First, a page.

Boris looked absently out the window as he sipped his drink. He hated Starbucks. Everything tasted the same. But it was the only place he could escape to when the agency office just got a little too… peppy. Fifteen minutes. Then he had to head back.
He looked up. The woman was his age, late forties, and had reddish-blonde hair and a dark blue suit. She looked familiar, like a supporting character on a show he would binge-watch.
“I’m sorry,” he said. “I don’t know—”
“Hillary,” she said. He gave her a blank stare.
“Hillary,” she said again. Then something popped in his brain.
“Hillary from when we were kids Hillary?” he said.
“Yes, that Hillary.”
“What are you doing here?”
“I mean, do you live—”
“Can I sit down?” Boris nodded.
“God, how long has it been?” he said as she sat down across from him.
“Oh, I have no idea. Hey, do you still have any of those old stories?”
“You know what stories,” Hillary said with a sly grin. “Boris the Bold and Hillary the High Sorceress.”
“Oh, God!” Boris said. “You remember those?”
“Of course I do,” she said. “What were you a knight of again?”
“Do I have to say it?” Boris groaned. Hillary nodded.
“The Dragon Lions,” he said, burying his face in his hands. “And you were one of the… wait… Unicorn…”
“Unicorn Butterflies,” she said.
“Oh, God! We were so cliche!”
“Oh, I thought it was sweet,” Hillary said. “So how are you?”
For a flash of a second, he had an urge to tell her everything. His depression. His legal troubles. The strained marriage. Money problems. Ten years in marketing and still no clue what he was doing with his life. Instead, he just said,
“I’m good. How are you?”
“Ooo, I’d love to catch up, but I have to get back,” Hillary said.
“Yeah, me too. We should—”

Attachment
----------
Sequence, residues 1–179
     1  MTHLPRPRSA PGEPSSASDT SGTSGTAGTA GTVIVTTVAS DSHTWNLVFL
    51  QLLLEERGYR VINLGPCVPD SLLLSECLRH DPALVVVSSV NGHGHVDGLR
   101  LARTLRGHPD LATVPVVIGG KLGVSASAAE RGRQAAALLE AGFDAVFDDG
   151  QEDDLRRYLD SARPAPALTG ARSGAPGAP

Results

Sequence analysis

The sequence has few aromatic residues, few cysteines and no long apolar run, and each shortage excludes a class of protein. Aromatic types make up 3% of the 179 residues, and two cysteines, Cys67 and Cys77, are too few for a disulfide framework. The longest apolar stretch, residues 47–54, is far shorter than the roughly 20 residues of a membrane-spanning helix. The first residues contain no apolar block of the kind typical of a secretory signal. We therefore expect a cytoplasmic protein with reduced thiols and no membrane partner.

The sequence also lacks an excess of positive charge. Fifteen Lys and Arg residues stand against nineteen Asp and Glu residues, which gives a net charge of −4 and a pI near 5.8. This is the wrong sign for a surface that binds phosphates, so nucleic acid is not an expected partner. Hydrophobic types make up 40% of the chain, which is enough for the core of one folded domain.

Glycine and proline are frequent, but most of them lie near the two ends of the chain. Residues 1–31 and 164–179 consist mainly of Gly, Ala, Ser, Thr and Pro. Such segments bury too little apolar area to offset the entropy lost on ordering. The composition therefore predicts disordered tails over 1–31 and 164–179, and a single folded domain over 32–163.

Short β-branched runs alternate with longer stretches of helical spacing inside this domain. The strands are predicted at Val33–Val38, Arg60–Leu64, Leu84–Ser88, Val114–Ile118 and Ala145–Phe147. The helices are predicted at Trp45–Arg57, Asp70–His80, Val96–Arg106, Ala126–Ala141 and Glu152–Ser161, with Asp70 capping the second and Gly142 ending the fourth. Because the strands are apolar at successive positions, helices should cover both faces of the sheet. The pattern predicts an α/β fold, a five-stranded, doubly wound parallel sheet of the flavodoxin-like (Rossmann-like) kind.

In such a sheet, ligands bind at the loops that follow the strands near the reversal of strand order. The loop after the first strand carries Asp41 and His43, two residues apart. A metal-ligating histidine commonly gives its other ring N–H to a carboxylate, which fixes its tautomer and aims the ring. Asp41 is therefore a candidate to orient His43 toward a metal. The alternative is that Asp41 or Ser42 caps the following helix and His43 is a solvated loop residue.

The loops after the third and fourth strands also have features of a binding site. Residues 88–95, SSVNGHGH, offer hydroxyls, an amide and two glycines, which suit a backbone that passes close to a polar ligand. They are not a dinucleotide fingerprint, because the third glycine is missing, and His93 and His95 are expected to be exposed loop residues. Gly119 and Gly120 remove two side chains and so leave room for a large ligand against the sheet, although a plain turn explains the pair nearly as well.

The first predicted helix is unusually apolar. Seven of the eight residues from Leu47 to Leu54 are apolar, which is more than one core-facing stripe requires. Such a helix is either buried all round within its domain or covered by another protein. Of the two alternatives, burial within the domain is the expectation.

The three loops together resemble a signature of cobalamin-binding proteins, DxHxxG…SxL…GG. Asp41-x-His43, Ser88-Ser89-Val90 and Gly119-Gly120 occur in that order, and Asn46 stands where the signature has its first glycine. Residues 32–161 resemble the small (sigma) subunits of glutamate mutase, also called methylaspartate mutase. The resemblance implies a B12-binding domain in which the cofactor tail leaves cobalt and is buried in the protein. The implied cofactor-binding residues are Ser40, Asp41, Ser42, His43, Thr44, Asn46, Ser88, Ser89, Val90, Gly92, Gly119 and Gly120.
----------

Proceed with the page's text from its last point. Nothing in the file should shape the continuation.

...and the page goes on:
“Okay, I’ll see you tonight.”
“Sounds good. Wait, what?” But she was already out the door and around the corner.
Back at work, Boris found himself distracted by his meeting with Hillary. Hillary! For the life of him, he couldn’t remember her last name. They lived in the same apartment complex where he grew up in New Jersey. He must have been about seven or eight then.
He couldn’t remember how or when they met. He wasn’t allowed to have friends over and he had never asked to visit her apartment. Instead, they explored the maze of two-story apartment buildings spanning two streets. It seemed huge then. A whole world to explore. There were tall hedges growing against the buildings, big courtyards with oval sidewalks, and the occasional laundry room or storage cellar left unlocked.
And in all of that strange landscape, they created their own stories. They called it The Old World. That was it. Looking back he could see how it was just a fantasy populated by their shallow imaginings. But it seemed so real to him then, a place he often went to escape the reality of being an anxious latch-key kid in an apartment in Central Jersey in the eighties.
That night he tried to remember more of The Old World. He dug through some old boxes of papers he had kept since college, but he couldn’t find the manilla folder of maps and stories scrawled on lined loose-leaf paper. Most likely it had been thrown out years ago when his parents moved to Connecticut and before he had gone to Texas.
Right before bed, he wrote out what he remembered of their adventures. There were the Lion Dragon Knights of which he was a part. He was Boris the Brave, a fierce warrior who was always called on to defend the kingdom from the Garben, cruel and single-minded lizardmen bent on taking over the lands.